Reset A A Font size: Print

Supreme Court, Appellate Division, First Department, New York.

Philip MANDEL, et al., Plaintiffs-Respondents-Appellants, v. George ADLER, et al., Defendants-Appellants-Respondents.

Decided: March 31, 1998

Before ELLERIN, J.P., and WALLACH, TOM and MAZZARELLI, JJ. Michael C. Wimpfheimer, for plaintiffs-respondents-appellants. Norman L. Rosenthal, for defendants-appellants-respondents.

Order, Supreme Court, New York County (Lewis Friedman, J.), entered October 9, 1997, which granted defendants' motion for summary judgment only to the extent of declaring, in connection with the first cause of action, that plaintiff Mandel and his assignee own only 22 1/2 shares of defendant Durastick Sales Co., Inc. and have no ownership interest in the other four corporate defendants, unanimously modified, on the law, to dismiss the second cause of action in its entirety and the third through sixth causes of action to the extent they are based on conduct occurring before November 25, 1990, and to clarify that the entire action is dismissed as against all defendants other than George Adler, and otherwise affirmed, without costs.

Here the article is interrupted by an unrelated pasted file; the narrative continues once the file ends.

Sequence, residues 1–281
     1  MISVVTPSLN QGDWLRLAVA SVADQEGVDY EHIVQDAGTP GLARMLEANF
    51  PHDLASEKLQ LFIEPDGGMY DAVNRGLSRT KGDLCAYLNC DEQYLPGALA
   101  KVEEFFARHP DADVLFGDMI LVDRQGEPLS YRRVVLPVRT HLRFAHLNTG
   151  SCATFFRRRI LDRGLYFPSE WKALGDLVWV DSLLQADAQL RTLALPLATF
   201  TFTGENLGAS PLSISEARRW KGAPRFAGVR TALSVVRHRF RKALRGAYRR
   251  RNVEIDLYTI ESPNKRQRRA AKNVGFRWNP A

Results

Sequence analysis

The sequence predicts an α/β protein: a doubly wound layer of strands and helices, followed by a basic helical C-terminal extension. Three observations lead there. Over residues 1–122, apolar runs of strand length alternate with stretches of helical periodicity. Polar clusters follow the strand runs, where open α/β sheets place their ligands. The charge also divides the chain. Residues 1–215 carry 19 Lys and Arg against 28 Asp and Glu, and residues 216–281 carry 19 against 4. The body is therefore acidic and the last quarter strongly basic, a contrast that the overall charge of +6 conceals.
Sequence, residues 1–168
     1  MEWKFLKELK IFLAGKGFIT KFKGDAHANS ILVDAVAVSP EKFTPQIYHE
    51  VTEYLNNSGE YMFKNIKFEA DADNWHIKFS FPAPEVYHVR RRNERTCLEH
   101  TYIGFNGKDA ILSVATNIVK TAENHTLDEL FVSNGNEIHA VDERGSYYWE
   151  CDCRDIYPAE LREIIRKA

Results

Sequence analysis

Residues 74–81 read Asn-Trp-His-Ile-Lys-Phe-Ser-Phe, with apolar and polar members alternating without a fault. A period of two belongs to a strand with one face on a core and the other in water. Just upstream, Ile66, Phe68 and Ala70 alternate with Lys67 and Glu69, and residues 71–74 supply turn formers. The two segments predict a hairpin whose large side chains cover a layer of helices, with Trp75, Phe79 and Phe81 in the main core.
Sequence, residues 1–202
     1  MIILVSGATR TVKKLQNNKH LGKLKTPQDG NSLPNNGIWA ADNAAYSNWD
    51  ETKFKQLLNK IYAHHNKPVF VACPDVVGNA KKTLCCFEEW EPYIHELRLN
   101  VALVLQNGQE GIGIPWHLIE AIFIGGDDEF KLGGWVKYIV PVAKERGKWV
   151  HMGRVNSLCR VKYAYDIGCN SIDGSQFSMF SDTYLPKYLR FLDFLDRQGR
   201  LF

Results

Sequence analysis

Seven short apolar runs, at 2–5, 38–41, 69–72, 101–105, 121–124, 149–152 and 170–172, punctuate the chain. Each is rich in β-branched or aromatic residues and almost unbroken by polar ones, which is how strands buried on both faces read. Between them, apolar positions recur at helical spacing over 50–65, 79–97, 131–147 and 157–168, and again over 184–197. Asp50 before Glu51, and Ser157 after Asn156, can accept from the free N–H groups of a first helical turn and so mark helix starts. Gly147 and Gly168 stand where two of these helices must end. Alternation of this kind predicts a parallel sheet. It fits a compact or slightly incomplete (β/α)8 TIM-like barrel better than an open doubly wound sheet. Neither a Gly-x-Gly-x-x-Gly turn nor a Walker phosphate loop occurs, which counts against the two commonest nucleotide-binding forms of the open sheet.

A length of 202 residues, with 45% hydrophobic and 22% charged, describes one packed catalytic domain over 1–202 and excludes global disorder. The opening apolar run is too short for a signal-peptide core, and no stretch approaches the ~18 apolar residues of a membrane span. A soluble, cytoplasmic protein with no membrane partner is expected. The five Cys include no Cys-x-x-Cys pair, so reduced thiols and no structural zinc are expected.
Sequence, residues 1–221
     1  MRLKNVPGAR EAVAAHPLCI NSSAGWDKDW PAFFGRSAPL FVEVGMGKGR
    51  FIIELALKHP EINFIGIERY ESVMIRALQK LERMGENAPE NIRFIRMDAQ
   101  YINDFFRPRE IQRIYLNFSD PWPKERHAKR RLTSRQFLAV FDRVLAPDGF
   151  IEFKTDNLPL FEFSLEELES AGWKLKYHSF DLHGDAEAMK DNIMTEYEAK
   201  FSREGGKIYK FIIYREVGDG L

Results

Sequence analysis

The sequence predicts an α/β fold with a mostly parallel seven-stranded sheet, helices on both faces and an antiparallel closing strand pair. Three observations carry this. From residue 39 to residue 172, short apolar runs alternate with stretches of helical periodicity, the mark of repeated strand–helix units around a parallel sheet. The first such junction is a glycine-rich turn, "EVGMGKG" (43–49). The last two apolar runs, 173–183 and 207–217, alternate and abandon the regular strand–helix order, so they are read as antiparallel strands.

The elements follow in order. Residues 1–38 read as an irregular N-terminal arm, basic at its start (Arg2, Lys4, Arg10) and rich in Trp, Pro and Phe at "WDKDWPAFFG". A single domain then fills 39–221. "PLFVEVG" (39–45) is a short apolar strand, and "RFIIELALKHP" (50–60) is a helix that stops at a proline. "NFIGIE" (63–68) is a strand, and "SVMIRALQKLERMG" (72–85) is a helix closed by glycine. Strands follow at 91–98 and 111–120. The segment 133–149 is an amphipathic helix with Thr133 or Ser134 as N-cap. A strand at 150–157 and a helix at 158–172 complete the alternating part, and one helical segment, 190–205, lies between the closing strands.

The shareholders agreement and stock certificates that Mandel himself signed as president establish that he owns only 22 1/2 shares of Durastick, and there is no evidence to controvert defendants' assertions, corroborated by the corporate documents, that plaintiffs do not have any ownership interest in the other four companies.   The second cause of action is insufficiently pleaded insofar as it purports to allege fraud (CPLR 3016[b] ), and, insofar as it purports to allege breach of contract and tortious interference, is time-barred since the breaches, of which Mandel was aware, occurred in June 1983.   Plaintiffs' remaining causes of action, essentially for breach of fiduciary duty, are barred to the extent they are based on conduct occurring before November 25, 1990, the six-year anniversary preceding commencement of the action (see, Unibell Anesthesia v. Guardian Life Ins. Co., 239 A.D.2d 248, 658 N.Y.S.2d 14).   In view of the foregoing, defendants' claim that plaintiffs lack standing because of the contemporaneous ownership rule (Business Corporation Law § 626[b] ) is moot, except as to Durastick, as to which the claim of lack of standing is inconsistent with defendants' other claim that the assignment of shares from Mandel to the coplaintiff was invalid as violative of the Durastick shareholders agreement.   If the assignment was invalid, Mandel would still be a shareholder entitled to bring a derivative action.   In addition, some of the alleged wrongs are on-going, such as the failure to pay dividends, and to that extent the coplaintiff would not be precluded by the contemporaneous ownership rule.